The likely nomination of Massachusetts Senator John Kerry
as US Secretary of State is already causing concern in Israel.
Kerry, the chairman of the Senate Foreign Relations Committee, has visited Israel several times, but his stance on Israeli policy - particularly that of Prime Minister Benjamin Netanyahu
- is ambivalent.
Considered a friend of Israel, Kerry is also a staunch critic of Israel's settlement
policy. In 2009 he embarrassed Prime Minister Benjamin Netanyahu when he came out against Israeli settlement construction during the latter's visit in Washington.
Netanyahu and Kerry in 2009 (Photo: Reuters)
Israeli officials saw the move as a premeditated ambush meant to embarrass Netanyahu on his first visit to the US after the 2008 elections. Kerry also spearheaded efforts to tighten relations between Washington and Syria's Bashar Assad
and has been accused of engaging Hamas in a dialogue.
"He may be a friend of Israel but is not considered the standard bearer for Israel at the Senate," a state official said. "Other senators are more prominent in that respect. His positions on the Palestinian issue are pretty clear and he is fiercely critical of the settlements."
UN Ambassador Susan Rice (Photo: AFP)
Nevertheless, Kerry is seen as more tolerant towards Israel that the initial frontrunner to replace Hillary Clinton, UN Ambassador Susan Rice, who recently withdrew his candidacy.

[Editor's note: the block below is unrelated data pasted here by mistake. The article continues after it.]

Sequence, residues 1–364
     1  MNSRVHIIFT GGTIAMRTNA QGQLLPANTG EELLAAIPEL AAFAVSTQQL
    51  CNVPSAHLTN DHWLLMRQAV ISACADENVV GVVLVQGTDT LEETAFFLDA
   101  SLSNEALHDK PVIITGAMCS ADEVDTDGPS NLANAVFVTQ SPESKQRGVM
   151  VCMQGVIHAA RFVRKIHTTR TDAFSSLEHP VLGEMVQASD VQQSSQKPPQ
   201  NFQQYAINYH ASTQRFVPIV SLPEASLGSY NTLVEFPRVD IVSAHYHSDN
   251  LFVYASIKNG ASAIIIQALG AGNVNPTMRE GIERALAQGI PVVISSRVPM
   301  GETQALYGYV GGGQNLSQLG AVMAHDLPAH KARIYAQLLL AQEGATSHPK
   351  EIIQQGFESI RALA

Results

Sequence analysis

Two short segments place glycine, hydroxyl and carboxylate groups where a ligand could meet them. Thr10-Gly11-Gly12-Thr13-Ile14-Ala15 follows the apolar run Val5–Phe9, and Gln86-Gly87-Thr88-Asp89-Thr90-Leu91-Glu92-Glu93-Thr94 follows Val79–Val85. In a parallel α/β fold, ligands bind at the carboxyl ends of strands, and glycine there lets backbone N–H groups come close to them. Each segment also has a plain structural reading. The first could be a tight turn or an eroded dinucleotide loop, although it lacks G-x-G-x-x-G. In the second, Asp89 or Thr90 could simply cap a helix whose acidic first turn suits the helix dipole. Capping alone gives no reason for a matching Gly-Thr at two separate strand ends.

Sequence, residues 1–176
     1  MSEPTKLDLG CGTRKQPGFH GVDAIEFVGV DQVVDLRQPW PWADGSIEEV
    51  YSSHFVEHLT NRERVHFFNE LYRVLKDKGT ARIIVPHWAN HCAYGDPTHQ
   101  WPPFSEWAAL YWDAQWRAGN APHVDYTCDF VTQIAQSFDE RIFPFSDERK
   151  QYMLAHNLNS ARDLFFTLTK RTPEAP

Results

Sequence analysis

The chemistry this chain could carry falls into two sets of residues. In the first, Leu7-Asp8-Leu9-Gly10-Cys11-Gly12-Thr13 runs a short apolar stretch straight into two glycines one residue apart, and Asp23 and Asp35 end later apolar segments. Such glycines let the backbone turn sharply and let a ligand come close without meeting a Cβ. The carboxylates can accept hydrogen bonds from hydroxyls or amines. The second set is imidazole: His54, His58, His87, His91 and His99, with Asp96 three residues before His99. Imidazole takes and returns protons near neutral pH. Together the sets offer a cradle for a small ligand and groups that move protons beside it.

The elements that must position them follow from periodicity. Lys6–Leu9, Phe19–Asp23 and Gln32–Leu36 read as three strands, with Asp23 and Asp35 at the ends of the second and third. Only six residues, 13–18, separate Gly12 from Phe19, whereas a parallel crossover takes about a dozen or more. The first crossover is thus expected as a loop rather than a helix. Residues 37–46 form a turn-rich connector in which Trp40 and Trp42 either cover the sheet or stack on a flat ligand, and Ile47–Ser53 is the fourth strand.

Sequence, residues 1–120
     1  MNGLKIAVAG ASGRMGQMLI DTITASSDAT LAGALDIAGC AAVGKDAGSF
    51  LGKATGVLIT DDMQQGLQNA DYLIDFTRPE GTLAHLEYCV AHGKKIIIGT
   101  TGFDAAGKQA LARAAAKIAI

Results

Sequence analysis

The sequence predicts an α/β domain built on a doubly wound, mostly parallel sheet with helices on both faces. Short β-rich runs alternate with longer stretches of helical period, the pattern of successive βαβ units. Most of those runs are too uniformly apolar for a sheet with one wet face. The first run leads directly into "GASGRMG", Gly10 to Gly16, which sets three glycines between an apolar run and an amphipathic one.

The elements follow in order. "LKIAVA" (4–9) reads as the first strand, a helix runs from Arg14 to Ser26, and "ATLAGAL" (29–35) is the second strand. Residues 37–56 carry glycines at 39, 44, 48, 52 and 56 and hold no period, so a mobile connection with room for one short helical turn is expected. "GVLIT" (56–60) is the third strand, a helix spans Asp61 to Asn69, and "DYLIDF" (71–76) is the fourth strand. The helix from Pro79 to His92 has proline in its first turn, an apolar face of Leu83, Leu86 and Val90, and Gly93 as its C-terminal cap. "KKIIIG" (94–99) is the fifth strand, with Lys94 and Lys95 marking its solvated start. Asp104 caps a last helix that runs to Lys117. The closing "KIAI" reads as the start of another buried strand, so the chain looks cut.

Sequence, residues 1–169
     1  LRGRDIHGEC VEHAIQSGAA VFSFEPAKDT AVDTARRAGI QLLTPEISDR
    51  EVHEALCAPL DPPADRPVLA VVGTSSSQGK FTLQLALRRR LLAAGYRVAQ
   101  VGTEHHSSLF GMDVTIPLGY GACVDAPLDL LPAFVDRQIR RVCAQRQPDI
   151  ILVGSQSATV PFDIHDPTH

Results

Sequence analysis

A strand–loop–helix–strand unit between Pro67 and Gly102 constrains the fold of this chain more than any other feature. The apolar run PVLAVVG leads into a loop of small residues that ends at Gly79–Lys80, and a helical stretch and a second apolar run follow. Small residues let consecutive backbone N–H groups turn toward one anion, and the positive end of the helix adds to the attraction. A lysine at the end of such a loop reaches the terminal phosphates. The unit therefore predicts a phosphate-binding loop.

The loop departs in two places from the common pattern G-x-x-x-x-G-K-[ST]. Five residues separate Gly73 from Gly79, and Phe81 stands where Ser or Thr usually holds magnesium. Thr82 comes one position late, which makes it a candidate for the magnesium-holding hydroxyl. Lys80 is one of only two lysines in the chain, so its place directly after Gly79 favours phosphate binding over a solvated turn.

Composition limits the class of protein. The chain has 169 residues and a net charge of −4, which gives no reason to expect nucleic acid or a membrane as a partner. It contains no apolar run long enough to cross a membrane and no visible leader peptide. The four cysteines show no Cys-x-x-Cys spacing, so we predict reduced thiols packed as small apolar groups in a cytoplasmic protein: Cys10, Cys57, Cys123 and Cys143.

Rice's patience for Israel has worn thin in the past few years. "Kerry is not in the same situation. He's also not part of Obama's inner circle which is an advantage," the Israeli official said.
"Historically, the State Department is less supportive of Israel and it remains to be seen what Kerry's influence will be."
The biggest question troubling Israeli officials is whether Kerry will seek to make a mark on the Palestinian issue as secretary of state.
"If he wants to leave a mark and influence the peace process, he will increase pressure on Israel," a Foreign Ministry official estimated. "His status allows him freedom of action. He's old enough, rich enough and respected enough. It's now a question of history."